Positively Balanced

Sometimes it seems as though my life is a balance scale – positive things pile up in one basket, negative in the other.  When the positive outweighs the negative I am high, but when the negative is heavier I come crashing down. At times life tips so much flaming garbage into the negative basket that it’s hard to imagine ever being up again.  Death, grief, trauma, illness, conflict – they can all conspire against us from time to time, and it’s only natural to feel overwhelmed.

Untitled drawingAt which point what can you do but wallow in how life has mistreated you? It all seems too hard. You either have enough happiness to balance the scale and lift you up or you don’t. It’s outside your control, right?

Well, actually, no. We have the power to choose what’s in those baskets. Not totally, of course. You can’t always throw the negative stuff out. Some of it is inescapable, and ongoing. That weight does drag us down. The overall balance, though, is something we can influence. If we spend our time inspecting the contents of the negative basket in excruciating detail – focusing on everything that’s wrong with our lives and how miserable it’s all making us – we can actually wind up making them heavier.

The good news is that we can also make the positive basket weigh more, by choosing to put the good stuff back in. Get a positive email from your boss? Save it, print it out, maybe even frame it. Got a birthday card that makes you smile? Put it somewhere you can see it every day, and keep it there regardless of how long ago your birthday was. Feeling good about how much you’ve achieved today? Take the time to appreciate what you’ve done. Created something beautiful lately? Solved a tricky problem? Done something you’ve been postponing for months? Share it with a friend who will appreciate what you have accomplished.

The positive basket fills up quickly with help from others. One of the fastest ways is to do something to help someone else, even something simple like taking chocolate to a work mate who is having a bad day, or giving a flower to someone you see on your morning walk. You’ll make them happier, and they’ll very likely smile at you, or even hug you, which will weight the positive basket nicely.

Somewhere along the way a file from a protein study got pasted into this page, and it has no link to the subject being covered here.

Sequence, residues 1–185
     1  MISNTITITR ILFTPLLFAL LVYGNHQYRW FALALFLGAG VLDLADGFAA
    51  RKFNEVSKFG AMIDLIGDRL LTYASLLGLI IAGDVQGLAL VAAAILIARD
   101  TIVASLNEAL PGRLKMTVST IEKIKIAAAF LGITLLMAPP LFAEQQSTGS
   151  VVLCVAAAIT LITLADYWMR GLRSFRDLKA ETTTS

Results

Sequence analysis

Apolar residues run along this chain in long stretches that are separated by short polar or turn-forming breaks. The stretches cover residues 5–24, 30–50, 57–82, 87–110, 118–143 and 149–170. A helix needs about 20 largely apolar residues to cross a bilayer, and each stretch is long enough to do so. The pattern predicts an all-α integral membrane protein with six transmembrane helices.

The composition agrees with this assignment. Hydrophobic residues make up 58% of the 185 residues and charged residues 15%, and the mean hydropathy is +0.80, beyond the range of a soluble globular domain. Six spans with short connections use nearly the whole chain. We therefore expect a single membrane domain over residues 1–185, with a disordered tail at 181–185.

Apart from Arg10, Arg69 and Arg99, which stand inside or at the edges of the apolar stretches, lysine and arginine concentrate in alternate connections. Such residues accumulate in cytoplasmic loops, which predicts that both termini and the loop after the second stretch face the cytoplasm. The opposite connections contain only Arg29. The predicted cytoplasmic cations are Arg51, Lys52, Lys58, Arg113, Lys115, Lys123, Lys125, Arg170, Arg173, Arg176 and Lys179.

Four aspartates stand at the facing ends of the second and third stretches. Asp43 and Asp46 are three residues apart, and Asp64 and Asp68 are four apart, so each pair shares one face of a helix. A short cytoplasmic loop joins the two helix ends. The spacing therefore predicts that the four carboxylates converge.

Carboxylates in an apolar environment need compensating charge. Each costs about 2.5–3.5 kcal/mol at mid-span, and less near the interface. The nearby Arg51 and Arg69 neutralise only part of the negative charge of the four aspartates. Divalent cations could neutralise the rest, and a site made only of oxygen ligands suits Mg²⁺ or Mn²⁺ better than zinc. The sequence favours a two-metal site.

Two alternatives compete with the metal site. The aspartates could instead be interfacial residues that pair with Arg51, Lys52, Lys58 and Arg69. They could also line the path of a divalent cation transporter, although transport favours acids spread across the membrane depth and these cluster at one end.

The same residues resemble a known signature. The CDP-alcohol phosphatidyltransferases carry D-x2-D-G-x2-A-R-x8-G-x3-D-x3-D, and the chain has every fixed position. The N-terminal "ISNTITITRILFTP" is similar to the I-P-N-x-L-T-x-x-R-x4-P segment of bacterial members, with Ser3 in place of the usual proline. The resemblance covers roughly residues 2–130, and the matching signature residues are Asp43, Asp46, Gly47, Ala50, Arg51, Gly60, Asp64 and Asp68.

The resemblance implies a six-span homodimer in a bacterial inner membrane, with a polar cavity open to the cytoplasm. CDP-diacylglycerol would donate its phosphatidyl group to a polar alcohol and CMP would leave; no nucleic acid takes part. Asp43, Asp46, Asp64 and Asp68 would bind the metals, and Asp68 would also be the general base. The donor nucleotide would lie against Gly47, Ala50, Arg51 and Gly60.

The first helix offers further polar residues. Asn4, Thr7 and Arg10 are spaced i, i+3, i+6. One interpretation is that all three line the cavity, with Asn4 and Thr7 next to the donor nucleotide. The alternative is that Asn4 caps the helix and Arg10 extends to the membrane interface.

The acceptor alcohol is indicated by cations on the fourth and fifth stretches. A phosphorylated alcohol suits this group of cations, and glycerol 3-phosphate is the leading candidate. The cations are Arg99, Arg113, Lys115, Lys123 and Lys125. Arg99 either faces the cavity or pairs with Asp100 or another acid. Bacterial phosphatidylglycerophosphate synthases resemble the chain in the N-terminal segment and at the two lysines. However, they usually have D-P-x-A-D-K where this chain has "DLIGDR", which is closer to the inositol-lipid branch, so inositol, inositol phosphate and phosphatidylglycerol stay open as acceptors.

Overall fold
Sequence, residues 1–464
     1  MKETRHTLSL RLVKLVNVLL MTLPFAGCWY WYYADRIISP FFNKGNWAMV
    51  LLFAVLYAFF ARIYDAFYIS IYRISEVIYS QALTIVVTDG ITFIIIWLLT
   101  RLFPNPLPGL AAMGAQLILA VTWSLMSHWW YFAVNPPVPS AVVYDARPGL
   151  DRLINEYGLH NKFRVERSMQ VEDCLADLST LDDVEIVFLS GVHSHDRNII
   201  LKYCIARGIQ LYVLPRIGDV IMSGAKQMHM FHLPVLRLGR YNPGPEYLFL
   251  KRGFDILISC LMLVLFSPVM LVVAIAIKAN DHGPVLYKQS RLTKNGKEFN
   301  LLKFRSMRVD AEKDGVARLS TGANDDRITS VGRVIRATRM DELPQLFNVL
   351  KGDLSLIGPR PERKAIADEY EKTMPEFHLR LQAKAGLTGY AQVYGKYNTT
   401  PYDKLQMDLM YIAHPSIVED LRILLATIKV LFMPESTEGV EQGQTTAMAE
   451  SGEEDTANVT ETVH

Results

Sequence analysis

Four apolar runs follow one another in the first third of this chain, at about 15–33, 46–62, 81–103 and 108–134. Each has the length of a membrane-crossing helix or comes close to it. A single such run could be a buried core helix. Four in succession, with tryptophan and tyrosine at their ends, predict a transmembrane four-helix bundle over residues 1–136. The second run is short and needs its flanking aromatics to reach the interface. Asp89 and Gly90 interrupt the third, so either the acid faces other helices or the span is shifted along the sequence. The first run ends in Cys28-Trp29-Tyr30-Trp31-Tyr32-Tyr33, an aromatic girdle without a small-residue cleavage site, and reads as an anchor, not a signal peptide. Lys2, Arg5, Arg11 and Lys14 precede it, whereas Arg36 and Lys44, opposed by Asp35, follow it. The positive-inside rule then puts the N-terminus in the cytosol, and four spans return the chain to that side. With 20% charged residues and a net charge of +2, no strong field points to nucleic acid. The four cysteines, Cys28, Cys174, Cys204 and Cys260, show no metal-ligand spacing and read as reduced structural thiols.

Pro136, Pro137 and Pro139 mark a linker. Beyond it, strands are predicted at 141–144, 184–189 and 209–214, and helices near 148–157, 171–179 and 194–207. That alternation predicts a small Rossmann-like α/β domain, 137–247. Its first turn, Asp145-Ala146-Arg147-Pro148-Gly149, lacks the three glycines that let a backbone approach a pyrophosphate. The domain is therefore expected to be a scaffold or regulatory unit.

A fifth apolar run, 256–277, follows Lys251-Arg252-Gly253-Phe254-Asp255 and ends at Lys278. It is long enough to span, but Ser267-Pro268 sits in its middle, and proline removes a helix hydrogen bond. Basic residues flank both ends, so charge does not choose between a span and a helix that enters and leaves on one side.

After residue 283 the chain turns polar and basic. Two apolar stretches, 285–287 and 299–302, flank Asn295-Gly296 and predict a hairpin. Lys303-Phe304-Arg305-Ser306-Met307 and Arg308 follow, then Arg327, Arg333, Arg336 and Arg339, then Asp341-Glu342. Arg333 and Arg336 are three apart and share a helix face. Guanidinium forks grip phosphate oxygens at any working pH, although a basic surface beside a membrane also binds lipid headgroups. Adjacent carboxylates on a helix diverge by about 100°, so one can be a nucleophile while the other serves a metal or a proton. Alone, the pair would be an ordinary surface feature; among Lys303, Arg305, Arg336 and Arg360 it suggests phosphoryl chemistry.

Direct, real-life contact with people is more effective than the online variety. We are programmed to mirror the feelings we see in front of us – it’s very hard not to smile when someone smiles at you, and physical contact provides endorphins and oxytocin to give us a boost. Even a simple handshake is worth more than a comment on your status update on facebook, and a high five is a priceless mood-booster.

Simple rituals can help, too. Even something as basic as finding three things you are thankful for every morning (check out the Thankful Thing), or looking in the mirror and saying three things you like about yourself. These things feel forced at first, but like a forced smile, they trigger a positive response whether we want them to or not.

It’s really easy to throw away the good bits of life and cling to the trauma. There are times when it’s almost unavoidable. But we need to remember that there are always good things around, if we only take the time to notice them. When my Dad died I was overwhelmed by the love and support shown by my friends and work mates. It’s been a tough time, but I have a strong sense of community that I didn’t have beforehand. I don’t want to get all Pollyanna on you and argue that every cloud has a silver lining. Some clouds are toxic all the way through. But there is always sunshine somewhere. We just have to remember to see it.

* this post was partly inspired by this. Check it out.


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